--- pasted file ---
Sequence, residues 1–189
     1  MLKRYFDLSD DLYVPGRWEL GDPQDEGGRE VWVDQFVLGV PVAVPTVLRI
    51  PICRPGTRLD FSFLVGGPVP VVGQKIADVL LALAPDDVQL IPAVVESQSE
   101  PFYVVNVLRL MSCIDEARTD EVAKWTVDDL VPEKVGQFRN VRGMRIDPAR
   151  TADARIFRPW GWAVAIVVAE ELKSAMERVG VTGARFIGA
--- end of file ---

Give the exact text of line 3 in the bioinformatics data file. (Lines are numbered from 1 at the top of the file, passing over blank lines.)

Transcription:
    51  PICRPGTRLD FSFLVGGPVP VVGQKIADVL LALAPDDVQL IPAVVESQSE